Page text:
Discourse production in multilingual contexts represents a specific type of language contact situation. Translation may be seen as the prototypical type of multilingual discourse production, other types would include parallel text production in different languages (e.g. for web sites) or the production of versions more loosely connected with the source text.
When divergent communicative norms and conventions come into contact in any of these types of text production, one may find that such conventions transcend established language boundaries, potentially leading to the emergence of new genres. A case in point may be the so-called Corporate Philosophies in German, which owe much of their existence to the impact of English role models. These texts seem to represent hybrids in that they partly follow German communicative preferences and partly a communicative style more typical of English texts (cf. Böttger & Bührig 2003). If one looks back at the history of the European languages, it becomes clear that to some extent all of them have taken over textual conventions and/or structures from Latin, which may be related to the numerous translations from Latin into the vernaculars, generally representing a major part of early text production. For example, Koller (1998) has argued that Latin-German translations have substantially shaped the development of written German, in particular the literary language. Looking at English one finds, for instance, that the possible contexts of accusative-cum-infinitive constructions spread as a result of contact with Latin (cf. Fischer 1992, 1994). Another example can be seen in innovations in late-medieval Swedish, such as the use of new subordinating structures (cf. Höder 2008).
Consequences of contact are manifold and may vary according to socio-historical circumstances as well as in relation to the functional and structural peculiarities of the linguistic systems involved. Factors which may determine the linguistic outcome of contact through translation could be:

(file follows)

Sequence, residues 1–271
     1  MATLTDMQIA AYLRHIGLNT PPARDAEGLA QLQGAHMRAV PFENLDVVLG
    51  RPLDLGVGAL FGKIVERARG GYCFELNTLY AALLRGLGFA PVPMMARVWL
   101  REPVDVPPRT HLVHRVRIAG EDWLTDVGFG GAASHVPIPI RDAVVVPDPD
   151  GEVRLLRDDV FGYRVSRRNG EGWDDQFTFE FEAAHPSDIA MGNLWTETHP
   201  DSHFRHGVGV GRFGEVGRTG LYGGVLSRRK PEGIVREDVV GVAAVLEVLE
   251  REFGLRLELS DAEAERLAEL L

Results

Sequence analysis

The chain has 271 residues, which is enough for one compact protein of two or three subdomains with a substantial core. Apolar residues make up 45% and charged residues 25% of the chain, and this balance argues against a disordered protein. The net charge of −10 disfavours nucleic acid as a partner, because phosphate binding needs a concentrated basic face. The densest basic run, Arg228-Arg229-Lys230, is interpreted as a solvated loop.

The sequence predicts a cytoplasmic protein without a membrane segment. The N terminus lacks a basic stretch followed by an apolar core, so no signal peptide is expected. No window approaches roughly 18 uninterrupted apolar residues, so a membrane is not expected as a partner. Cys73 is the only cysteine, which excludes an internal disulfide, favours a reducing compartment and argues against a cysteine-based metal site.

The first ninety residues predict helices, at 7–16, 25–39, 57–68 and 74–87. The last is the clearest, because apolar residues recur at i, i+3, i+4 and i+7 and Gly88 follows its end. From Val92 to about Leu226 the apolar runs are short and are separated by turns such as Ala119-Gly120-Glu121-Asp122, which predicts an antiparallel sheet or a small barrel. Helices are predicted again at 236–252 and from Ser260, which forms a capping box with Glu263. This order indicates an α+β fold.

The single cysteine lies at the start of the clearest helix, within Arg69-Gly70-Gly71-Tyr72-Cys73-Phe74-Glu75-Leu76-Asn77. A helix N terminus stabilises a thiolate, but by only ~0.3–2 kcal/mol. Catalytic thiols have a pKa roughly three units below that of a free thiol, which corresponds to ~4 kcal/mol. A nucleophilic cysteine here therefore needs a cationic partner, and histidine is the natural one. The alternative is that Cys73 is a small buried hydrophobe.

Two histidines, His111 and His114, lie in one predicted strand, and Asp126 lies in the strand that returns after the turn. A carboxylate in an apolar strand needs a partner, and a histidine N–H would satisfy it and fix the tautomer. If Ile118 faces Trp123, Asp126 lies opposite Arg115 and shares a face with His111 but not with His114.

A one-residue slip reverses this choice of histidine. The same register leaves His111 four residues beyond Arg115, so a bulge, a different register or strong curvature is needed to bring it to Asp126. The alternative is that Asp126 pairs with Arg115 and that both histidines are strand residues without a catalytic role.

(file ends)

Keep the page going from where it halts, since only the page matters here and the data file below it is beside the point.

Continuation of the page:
In the workshop we wish to study in how far these and possibly other factors influence the result of language contact through translation and similar discourse production types. The central question is thus: Under which conditions does translatory activity have a (lasting) impact on the languages involved? This question may be approached from different angles.
We thus highly welcome papers concerning any of the following issues:
Papers dealing with any of these issues or other topics relevant to language variation and change through translation and related types of multilingual discourse production will be welcome. Papers will be allowed 30 minutes, including 10 minutes for discussion. The deadline for abstract submission is 15th April 2009. Abstracts of 400-600 words in length should be sent to svenja.kranich~AT~uni-hamburg.de.
Baker, M. 1996 “Corpus-based translation studies: The challenges that lie ahead.” In: H. Somer (ed.), Terminology, LSP and Translation. Studies in language engineering in honour of Juan C. Sager. Amsterdam: Benjamins, 175-186.
Becher, V., House, J. & Kranich, S. forthc. "Convergence and
Divergence of communicative norms through language contact in
translation". In: K. Braunmüller & J. House (eds.), Convergence and
Divergence in Language Contact Situations. Amsterdam: Benjamins.
Böttger, C. & Bührig, K. 2003. “Translating obligation in business communication“. In: L. Perez Gonzales (ed.), Valencia: University of Valencia, 161-182.
Fischer, O. 1989. “The origin and spread of the accusative and infinitive construction in English”. Folia Linguistica Historica 8: 143-217.
Fischer, O. 1992. “Syntactic change and borrowing: The case of the accusative and infinitive construction in English”. In: M. Gerritsen and D. Stein (eds.), Internal and External Factors in Syntactic Change. Berlin: Mouton de Gruyter, 16-88.
Höder, S. 2008. Sprachausbau im Sprachkontakt. Eine theoretische und empirische Analyse zum Syntaxwandel im Altschwedischen. Ph.D. dissertation, Universität Hamburg.
Koller, W. 1998. “Übersetzungen ins Deutsche und ihre Bedeutung für die deutsche Sprachgeschichte”. In: W. Besch et al. (eds.), Ein Handbuch zur Geschichte der deutschen Sprache und ihrer Erforschung. Berlin: Mouton de Gruyter, 210-229.
Toury, G. 1995. Descriptive Translation Studies and beyond. Amsterdam: Benjamins.
Download the programme booklet here.
Cathrine Fabricius-Hansen (University of Oslo)
"Silvia Hansen-Schirra (Johannes-Gutenberg-Universität Mainz)